Have you ever finished a book and, a short time later, forgot what it was about? Or had trouble relating its plot to a friend? You’re not alone: in today’s world – where information is more constant and available than ever before, and distracted reading is quickly becoming the norm – it can be difficult to absorb words on a page let alone a novel’s central themes. This summer, challenge yourself to truly connect with a book. Here are 5 tips to get you started:
Do away with distraction
We’re all familiar with the following scenario: read a page, check your email; read another page, check your Facebook. The result? According to a recent study, close reading (that’s focused, attentive reading) requires “complex cognitive functions” that make readers feel as if they are actually inside a story. These functions get scrambled during frequent interruptions. The solution? Place electronics in another room, checking only when you have to.
Take a page out of a college student’s book: for decades studies have shown that note taking is one of the most effective ways to actively engage with a text. Jotting down an idea, or thought, will help you focus, retain information, and organize new ideas. Don’t like writing in books? Neither do we! A beautiful notebook is an excellent place for your scribbles.
Find the right tunes
Love to listen to music while you read? Choose tracks with a constant, steady pulse (read: anything but experimental) and turn the volume low. Most importantly, avoid pressing play on your favourite tune: a new study shows that readers perform better when listening to a new or neutral song rather than their preferred track.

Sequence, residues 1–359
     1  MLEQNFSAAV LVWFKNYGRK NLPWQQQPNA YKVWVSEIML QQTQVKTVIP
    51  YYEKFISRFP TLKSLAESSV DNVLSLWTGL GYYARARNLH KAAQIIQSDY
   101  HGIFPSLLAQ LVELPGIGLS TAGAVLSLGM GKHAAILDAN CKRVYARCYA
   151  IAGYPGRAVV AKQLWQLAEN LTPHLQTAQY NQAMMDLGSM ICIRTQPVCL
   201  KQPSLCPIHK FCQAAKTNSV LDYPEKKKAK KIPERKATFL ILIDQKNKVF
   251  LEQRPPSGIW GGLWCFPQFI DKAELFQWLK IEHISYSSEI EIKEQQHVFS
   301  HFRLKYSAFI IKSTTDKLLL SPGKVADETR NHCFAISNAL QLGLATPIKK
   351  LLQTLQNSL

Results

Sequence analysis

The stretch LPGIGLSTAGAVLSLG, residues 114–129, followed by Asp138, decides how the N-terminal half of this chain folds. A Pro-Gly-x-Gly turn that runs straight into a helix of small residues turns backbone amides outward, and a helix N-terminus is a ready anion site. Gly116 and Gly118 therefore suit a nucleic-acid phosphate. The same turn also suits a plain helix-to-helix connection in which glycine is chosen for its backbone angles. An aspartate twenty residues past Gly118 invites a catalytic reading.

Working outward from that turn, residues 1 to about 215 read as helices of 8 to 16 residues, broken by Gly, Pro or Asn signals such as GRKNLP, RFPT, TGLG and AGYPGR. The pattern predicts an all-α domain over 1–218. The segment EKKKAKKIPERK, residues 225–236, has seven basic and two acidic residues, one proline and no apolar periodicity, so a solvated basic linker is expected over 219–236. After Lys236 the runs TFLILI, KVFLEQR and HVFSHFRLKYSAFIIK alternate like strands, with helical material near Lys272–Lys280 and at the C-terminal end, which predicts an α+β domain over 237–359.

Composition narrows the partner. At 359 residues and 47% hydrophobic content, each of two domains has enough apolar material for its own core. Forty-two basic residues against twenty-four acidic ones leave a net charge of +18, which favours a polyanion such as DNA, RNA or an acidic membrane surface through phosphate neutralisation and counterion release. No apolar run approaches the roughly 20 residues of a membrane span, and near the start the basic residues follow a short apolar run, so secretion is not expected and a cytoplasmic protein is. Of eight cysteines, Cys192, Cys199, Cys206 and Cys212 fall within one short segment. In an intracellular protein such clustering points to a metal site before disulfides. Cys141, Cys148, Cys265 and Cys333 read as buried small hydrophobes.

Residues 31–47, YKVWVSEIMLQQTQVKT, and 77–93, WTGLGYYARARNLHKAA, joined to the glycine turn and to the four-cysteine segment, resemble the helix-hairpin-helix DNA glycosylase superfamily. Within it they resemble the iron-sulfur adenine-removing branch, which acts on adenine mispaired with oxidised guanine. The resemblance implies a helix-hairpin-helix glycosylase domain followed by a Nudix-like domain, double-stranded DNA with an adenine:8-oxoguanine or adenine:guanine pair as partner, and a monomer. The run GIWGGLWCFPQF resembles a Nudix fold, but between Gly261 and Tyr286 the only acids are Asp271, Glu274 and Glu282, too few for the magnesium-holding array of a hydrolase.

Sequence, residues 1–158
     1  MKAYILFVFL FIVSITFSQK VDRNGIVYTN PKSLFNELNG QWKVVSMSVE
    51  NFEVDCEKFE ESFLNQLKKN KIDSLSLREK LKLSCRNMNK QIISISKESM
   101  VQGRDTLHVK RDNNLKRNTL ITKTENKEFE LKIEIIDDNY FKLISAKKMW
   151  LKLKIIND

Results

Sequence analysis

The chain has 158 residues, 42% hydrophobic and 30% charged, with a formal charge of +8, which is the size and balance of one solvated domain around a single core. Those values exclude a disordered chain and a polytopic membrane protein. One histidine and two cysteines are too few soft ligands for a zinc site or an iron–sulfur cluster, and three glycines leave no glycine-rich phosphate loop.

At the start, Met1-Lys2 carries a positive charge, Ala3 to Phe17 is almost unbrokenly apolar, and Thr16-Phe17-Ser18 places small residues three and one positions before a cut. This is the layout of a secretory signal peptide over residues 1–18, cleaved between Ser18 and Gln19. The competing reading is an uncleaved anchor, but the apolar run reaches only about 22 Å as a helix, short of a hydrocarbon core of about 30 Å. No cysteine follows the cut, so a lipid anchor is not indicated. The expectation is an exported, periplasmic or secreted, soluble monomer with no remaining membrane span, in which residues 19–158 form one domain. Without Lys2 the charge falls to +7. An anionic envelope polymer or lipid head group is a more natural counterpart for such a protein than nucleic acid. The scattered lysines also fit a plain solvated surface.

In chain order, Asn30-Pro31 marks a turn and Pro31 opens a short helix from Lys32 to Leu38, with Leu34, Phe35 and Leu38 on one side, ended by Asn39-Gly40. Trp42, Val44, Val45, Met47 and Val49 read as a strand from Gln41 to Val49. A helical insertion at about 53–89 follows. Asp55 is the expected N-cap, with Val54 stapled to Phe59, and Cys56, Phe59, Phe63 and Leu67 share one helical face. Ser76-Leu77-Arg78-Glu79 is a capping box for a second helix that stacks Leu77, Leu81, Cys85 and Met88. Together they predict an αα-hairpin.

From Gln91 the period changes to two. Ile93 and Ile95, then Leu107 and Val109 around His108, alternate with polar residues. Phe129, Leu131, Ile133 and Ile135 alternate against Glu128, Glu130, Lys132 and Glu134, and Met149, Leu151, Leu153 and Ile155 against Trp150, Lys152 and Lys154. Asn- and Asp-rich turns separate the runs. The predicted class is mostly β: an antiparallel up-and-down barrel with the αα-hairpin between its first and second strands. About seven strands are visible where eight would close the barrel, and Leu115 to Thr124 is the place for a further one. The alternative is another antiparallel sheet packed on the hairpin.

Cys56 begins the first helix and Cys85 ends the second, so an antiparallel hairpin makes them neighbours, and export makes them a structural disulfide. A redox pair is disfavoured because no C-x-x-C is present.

Have a conversation
Discussing a work of literature can be as enjoyable (and valuable) as reading itself. Hearing others’ opinions of a book, and voicing yours, will help you develop a deeper understanding of its themes, characters, and ideas. Don’t have bookish friends? Sign up for a local book club, chat with an independent bookstore owner, or visit sites like Goodreads for lively discussions in forums and comment threads.
Attend a local literary event
Whether you live in city or country (bibliophiles are everywhere) a quick online search will locate your local literary community’s calendar of events. From boisterous café readings, to informative library presentations, the benefits of attending literary events are plenty. Not only will you learn about books from the people who write them (a transformative experience), you’ll also connect with like-minded readers, which can lead to inspiring conversations, book recommendations, book-swaps—you name it.